Pope Francis signals openness to having married men serve as priests

Pope Francis, shown waving to people in St. Peter's Square, has said he might be open to married men serving as priests to help relieve a shortage of priests in some regions.
(Gregorio Borgia / Associated Press)

Pope Francis is making waves again, this time suggesting the Roman Catholic Church should consider ordaining married men to make up for serious shortages of priests in distant dioceses.

In an interview with Germany’s Die Zeit, Francis mulled the possibility of ordaining so-called Viri Probati, meaning religious married men of proven character.

“We have to give a thought to whether Viri Probati are a possibility. We then also need to determine which tasks they could take on, such as in isolated areas, for example,” he said.

Calling priest shortages an “enormous problem,” Francis said the question needed to be tackled “fearlessly.”


In 2014, Erwin Kräutler, the bishop of Xingu in the Brazilian rainforest, said he had discussed the ordination of married men with Pope Francis. Bishop Kräutler complained that in his diocese, which counted 700,000 faithful, he had only 27 priests.

Latin America has the largest priest shortage, according to Paul Sullins, a sociology professor at the Catholic University of America.

Last year, there were more than 10,000 Catholics per priest in Brazil, which has the world’s largest Catholic population, he said. Meanwhile in the United States, there were roughly 1,800 Catholics for every priest.

“We don’t have a clergy shortage in global terms,” Sullins said.


In his interview on Thursday, Francis made it clear he was not pushing to make celibacy optional for new priests.

“Voluntary celibacy is often discussed in this context, especially in places where there are shortages of clerics. But voluntary celibacy is not a solution,” he said.

The pope has previously praised celibacy, stating: “For now, I am in favor of maintaining celibacy, with all the pros and cons that come with it, because in 10 centuries there have been more positive experiences than errors.”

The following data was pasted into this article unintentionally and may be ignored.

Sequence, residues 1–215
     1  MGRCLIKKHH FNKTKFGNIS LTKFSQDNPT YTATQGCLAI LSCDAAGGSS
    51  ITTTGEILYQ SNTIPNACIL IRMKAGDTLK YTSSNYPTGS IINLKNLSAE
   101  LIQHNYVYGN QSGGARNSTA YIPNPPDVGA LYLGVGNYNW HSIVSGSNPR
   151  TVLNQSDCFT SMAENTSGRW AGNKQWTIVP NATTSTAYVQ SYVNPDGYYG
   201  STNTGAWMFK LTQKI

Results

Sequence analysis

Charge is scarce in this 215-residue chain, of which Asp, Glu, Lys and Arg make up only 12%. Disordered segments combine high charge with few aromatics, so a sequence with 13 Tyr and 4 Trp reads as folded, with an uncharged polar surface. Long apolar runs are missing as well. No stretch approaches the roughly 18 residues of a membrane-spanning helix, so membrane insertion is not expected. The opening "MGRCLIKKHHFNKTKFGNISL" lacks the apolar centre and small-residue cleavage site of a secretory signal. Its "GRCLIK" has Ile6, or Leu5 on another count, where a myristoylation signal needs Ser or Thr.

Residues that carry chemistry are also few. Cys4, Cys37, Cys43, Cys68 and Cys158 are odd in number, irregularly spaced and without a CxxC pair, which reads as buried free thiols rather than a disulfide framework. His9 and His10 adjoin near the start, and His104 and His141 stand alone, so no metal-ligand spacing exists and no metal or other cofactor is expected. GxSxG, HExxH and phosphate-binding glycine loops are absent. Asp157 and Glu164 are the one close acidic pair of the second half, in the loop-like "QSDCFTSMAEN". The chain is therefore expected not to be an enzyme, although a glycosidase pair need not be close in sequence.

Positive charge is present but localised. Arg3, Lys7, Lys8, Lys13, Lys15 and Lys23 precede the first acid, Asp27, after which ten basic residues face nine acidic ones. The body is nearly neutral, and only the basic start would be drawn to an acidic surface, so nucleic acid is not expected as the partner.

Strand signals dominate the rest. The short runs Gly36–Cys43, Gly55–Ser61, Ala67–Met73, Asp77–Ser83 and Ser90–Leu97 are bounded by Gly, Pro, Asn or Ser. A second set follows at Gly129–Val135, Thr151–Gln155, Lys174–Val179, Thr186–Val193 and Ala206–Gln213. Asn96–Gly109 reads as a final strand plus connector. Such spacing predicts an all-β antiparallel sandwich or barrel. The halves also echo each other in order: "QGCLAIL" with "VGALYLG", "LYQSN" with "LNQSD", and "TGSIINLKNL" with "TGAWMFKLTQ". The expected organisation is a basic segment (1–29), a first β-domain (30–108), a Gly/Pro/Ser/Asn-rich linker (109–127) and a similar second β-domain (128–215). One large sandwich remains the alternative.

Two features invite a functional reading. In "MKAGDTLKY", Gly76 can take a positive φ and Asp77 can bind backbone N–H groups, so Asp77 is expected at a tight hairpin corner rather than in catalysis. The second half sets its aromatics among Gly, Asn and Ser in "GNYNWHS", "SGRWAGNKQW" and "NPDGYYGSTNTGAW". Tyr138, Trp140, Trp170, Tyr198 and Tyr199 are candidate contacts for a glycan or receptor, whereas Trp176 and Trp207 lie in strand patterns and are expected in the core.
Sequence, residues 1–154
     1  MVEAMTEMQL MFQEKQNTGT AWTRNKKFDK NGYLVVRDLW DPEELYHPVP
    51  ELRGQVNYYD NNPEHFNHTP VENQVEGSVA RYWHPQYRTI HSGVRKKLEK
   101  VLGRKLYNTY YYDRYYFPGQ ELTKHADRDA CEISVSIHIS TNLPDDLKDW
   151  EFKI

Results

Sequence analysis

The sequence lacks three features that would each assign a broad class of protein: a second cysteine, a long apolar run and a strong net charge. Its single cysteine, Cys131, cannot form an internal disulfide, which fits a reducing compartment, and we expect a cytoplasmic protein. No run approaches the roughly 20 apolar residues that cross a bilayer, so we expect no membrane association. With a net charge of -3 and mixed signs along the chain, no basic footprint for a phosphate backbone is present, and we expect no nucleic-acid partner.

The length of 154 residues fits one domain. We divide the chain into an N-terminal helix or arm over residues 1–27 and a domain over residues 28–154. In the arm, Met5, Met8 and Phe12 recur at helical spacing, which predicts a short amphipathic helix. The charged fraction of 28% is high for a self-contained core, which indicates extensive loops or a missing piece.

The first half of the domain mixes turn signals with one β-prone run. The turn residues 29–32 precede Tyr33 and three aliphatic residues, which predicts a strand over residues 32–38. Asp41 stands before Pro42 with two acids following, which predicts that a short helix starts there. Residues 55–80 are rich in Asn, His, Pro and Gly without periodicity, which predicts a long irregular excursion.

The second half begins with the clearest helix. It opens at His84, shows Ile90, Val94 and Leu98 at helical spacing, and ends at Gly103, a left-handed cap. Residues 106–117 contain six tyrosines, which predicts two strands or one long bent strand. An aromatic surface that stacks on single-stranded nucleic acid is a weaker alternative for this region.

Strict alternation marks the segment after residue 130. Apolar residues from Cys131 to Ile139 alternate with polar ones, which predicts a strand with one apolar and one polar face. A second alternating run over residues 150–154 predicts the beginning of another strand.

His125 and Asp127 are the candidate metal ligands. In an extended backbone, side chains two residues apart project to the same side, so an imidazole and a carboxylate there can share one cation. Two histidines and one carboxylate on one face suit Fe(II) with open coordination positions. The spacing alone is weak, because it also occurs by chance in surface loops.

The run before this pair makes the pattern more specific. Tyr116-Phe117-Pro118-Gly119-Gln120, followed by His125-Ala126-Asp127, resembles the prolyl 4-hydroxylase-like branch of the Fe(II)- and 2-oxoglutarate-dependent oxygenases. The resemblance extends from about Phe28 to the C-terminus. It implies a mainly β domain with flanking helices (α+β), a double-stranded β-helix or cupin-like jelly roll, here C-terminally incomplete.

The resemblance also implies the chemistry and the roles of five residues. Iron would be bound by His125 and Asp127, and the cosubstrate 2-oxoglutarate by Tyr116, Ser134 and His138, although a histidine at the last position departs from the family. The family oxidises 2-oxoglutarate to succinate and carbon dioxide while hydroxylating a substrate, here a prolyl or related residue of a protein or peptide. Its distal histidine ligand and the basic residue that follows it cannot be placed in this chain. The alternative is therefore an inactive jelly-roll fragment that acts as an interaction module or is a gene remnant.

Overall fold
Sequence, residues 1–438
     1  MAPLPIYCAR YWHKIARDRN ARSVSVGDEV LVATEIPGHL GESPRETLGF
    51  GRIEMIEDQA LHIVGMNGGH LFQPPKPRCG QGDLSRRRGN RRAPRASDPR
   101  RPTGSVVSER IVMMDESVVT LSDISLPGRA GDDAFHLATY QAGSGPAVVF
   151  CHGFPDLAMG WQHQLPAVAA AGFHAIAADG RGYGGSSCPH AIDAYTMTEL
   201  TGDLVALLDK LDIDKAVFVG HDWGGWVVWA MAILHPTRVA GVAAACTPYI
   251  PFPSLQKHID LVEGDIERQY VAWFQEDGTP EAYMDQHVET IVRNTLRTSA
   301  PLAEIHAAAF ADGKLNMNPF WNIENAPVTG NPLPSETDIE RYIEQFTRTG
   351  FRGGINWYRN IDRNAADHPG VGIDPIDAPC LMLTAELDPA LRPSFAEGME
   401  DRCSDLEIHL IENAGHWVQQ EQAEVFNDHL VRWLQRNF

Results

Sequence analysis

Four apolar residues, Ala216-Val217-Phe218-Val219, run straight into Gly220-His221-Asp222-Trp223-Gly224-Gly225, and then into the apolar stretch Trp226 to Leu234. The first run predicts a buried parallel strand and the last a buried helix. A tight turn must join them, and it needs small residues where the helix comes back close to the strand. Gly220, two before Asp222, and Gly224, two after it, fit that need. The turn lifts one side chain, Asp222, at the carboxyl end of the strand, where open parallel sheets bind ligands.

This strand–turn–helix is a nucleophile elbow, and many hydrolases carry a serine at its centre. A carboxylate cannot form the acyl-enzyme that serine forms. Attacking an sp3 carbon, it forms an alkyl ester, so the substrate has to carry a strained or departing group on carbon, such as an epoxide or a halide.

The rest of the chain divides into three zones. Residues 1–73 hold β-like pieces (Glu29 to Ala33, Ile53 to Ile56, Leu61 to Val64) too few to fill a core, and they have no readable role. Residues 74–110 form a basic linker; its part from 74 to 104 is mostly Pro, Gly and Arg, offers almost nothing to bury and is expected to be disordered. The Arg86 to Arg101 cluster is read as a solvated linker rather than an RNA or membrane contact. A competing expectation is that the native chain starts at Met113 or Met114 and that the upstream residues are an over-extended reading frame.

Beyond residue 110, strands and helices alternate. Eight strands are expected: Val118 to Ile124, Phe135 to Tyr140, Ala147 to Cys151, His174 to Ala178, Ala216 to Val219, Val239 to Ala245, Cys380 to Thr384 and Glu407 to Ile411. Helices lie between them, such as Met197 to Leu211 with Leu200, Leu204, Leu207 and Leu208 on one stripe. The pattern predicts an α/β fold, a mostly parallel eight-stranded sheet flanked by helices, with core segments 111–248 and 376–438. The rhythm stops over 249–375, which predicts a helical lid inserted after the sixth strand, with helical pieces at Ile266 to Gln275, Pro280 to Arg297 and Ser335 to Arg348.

Francis has, however, said celibacy is more about church tradition than doctrine, recalling how it was an option until 1100.


In 2013, Archbishop Pietro Parolin, before he became Vatican secretary of state, said priestly celibacy was “not part of church dogma and the issue is open to discussion because it is an ecclesiastical tradition.”

Eastern Catholic Churches allow the ordination of married men as priests, and in 2009, Pope Benedict XVI created the Anglo-Catholic Ordinariate to bring Anglican priests, even if married, into the Catholic Church.

Pope John Paul II, responding to requests received from some priests and laity formerly or actually belonging to the Episcopal Church in the United States, had decided to make a special pastoral provision for their reception into full communion with the Catholic Church.

Pope Francis acknowledged the stress and loneliness of celibate life last year when he visited a group of former priests who left the church to get married and have children.


By pushing the church toward more open debate about married priests, Francis may anger Catholic conservatives who are already opposed to his move to offer communion to some divorcees who remarry in civil courts.

Since the church does not recognize civil divorce, it holds that anyone who remarries is living in sin.

“Even if it is restricted to areas like Amazonia, conservatives may see the ordaining of married men as the thin end of the wedge,” said Marco Tosatti, a Vatican correspondent with Italy’s La Stampa.

But Tostatti added that he was doubtful Francis would make changes.


“He says that we should reflect on the issue, but he has done nothing about it despite pressure from some within the church for three years, so I am not sure he will do anything now,” he said.

Kington is a special correspondent.


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2:15 p.m.: This article was updated with statistics on the number of priests serving in Brazil and the United States.


This article was originally published at 1 p.m.